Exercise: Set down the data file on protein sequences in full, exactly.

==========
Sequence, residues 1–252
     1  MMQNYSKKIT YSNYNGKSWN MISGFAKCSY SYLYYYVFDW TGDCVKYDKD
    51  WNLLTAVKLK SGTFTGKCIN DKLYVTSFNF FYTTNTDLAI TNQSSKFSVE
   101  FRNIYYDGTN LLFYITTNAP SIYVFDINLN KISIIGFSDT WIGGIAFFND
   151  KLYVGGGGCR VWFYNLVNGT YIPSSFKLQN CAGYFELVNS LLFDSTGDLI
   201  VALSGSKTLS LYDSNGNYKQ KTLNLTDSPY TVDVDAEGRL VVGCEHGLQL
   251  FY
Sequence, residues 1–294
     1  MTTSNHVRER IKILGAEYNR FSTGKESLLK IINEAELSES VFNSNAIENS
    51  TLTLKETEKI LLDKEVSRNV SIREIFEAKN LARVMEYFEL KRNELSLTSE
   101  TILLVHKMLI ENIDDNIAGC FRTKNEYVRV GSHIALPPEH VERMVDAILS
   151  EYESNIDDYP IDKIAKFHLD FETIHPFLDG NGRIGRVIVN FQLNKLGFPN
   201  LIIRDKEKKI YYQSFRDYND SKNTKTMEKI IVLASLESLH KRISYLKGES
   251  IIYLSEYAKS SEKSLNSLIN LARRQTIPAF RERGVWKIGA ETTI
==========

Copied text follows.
Sequence, residues 1–252
     1  MMQNYSKKIT YSNYNGKSWN MISGFAKCSY SYLYYYVFDW TGDCVKYDKD
    51  WNLLTAVKLK SGTFTGKCIN DKLYVTSFNF FYTTNTDLAI TNQSSKFSVE
   101  FRNIYYDGTN LLFYITTNAP SIYVFDINLN KISIIGFSDT WIGGIAFFND
   151  KLYVGGGGCR VWFYNLVNGT YIPSSFKLQN CAGYFELVNS LLFDSTGDLI
   201  VALSGSKTLS LYDSNGNYKQ KTLNLTDSPY TVDVDAEGRL VVGCEHGLQL
   251  FY
Sequence, residues 1–294
     1  MTTSNHVRER IKILGAEYNR FSTGKESLLK IINEAELSES VFNSNAIENS
    51  TLTLKETEKI LLDKEVSRNV SIREIFEAKN LARVMEYFEL KRNELSLTSE
   101  TILLVHKMLI ENIDDNIAGC FRTKNEYVRV GSHIALPPEH VERMVDAILS
   151  EYESNIDDYP IDKIAKFHLD FETIHPFLDG NGRIGRVIVN FQLNKLGFPN
   201  LIIRDKEKKI YYQSFRDYND SKNTKTMEKI IVLASLESLH KRISYLKGES
   251  IIYLSEYAKS SEKSLNSLIN LARRQTIPAF RERGVWKIGA ETTI